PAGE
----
ROW: Like the musical episode! [Laughs] Which [showrunner] Melinda [Hsu Taylor] never wanted to do, but I really wanted it to happen.

TENG: There were a lot more stories we wanted to tell that unfortunately we won’t get to but we’re really happy with how this all turned out.

Henrique Saga, Kennedy McMann, Leah Lewis, Tunji Kasim, and Maddison Jaizani as Bess on ‘Nancy Drew’

Henrique Saga as Tristan, Kennedy McMann as Nancy Drew, Leah Lewis as George, Tunji Kasim as Nick, and Maddison Jaizani as Bess

| Credit: Colin Bentley/The CW

What was it like directing the big moment where Nancy and Ace realize they broke the death curse and finally get to kiss?

ROW: When it happened, every single person on set was very aware of how special a moment it was. It was very bittersweet and magical. Everyone was crying. It was really wonderful. It was a cathartic experience for everyone involved. It was such a big special moment for the crew and Kennedy and Alex, and the whole story and how their story has built since season 1. It was very satisfying and all about joy.

What was the last scene you shot before the series wrapped?

ROW: We scheduled it so that the very last scene we shot is actually the last shot in the series finale, when you see them all say goodbye and the camera goes under the table and you see all their initials. I called cut on that scene and that was a series wrap on Nancy Drew. We wanted to make sure the whole cast was there, so Riley and Scott were in the scene prior so they could be there as well. It wasn’t until the moment I called cut that everyone realized it’s over. But it was very special. It was hard for me. I was like, “Can we do another take?” I didn’t want to call cut because it felt like a massive responsibility to call cut on this amazing series for everybody involved. Larry is the one who set the precedent from the beginning and it was such an honor for me to be able to take that home.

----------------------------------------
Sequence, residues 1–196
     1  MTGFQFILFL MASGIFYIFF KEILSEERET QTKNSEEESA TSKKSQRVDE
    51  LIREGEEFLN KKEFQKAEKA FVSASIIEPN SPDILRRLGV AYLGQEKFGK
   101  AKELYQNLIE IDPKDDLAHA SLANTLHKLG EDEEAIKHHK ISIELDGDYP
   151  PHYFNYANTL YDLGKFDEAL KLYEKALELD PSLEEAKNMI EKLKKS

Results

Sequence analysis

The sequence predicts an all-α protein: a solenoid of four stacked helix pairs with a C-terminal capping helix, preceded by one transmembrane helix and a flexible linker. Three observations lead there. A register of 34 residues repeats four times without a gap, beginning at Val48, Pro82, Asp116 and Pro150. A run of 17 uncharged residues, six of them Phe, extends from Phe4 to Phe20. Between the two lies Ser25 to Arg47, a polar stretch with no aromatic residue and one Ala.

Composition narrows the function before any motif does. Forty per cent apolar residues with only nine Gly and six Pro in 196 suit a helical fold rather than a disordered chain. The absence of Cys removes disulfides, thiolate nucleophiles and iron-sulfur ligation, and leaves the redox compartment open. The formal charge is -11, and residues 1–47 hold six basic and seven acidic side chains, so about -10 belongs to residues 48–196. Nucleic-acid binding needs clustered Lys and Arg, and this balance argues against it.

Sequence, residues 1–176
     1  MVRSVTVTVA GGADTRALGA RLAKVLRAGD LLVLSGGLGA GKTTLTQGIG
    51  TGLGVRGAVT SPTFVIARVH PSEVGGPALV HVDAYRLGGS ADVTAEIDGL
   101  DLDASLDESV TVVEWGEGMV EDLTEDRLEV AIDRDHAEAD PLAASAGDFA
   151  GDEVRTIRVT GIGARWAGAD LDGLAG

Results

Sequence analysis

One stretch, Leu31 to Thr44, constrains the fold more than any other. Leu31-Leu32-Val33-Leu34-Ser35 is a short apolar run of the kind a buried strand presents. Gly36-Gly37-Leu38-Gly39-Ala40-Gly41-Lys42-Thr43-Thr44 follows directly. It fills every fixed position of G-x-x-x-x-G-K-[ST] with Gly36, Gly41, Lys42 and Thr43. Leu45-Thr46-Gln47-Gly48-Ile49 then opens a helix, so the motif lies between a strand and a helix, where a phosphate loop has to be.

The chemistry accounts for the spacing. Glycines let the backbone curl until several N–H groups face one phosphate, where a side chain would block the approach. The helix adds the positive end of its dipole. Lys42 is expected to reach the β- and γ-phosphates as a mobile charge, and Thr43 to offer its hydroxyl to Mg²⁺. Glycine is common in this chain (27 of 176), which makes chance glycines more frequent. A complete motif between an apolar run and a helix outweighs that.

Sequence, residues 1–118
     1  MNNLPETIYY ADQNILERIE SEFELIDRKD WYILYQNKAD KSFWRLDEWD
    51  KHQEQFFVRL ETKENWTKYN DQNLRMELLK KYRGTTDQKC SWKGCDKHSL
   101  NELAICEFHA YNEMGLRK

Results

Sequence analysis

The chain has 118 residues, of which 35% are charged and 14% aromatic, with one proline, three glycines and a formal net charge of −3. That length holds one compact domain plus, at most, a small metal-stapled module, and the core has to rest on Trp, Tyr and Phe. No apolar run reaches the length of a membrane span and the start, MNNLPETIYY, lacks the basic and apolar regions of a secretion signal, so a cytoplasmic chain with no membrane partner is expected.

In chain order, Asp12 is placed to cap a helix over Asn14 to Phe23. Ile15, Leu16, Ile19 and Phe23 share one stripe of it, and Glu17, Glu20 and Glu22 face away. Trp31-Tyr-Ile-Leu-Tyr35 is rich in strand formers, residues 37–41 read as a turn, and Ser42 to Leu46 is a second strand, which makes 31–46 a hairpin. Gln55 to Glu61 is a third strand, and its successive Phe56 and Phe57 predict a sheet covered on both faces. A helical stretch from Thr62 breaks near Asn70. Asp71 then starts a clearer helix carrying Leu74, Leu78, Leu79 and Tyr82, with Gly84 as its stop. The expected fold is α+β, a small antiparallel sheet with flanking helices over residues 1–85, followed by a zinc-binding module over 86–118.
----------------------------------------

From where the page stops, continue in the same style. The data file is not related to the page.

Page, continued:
Who was the first person to shed some tears?

ROW: [Laughs] Kennedy. 100 percent.

What was it like choosing what went into the time capsule on the bar? 

ROW: That was a really fun experience. There were so many details in that [you don’t see]. My favorite thing is Nancy puts her name tag in between two polaroids, one of which has me wearing lobster claws, and the other is Larry and our associate producer Dee LeBlanc who have been there since the beginning. That was a nice shout-out to our whole crew who are on the ground making it.

Did you take anything from the set?

ROW: [Laughs] Yeah. I have the top half of the wraith from season 2, I have a soul splitter —

TENG: You have a soul splitter? That’s sweet.

ROW: Yeah! I also have this background prop that they never highlighted that Tom made that’s a book from the historical society that’s a human hand encased in amber. It’s so awesome. 

TENG: I have one thing: I have Nancy’s flashlight. That was the one thing I wanted. That was an iconic, special piece for me. I remember the first time when we did the camera test with Kennedy holding that flashlight and we all started crying, like, “It’s real!” So that’s the one thing I took.

This interview has been edited and condensed for length and clarity.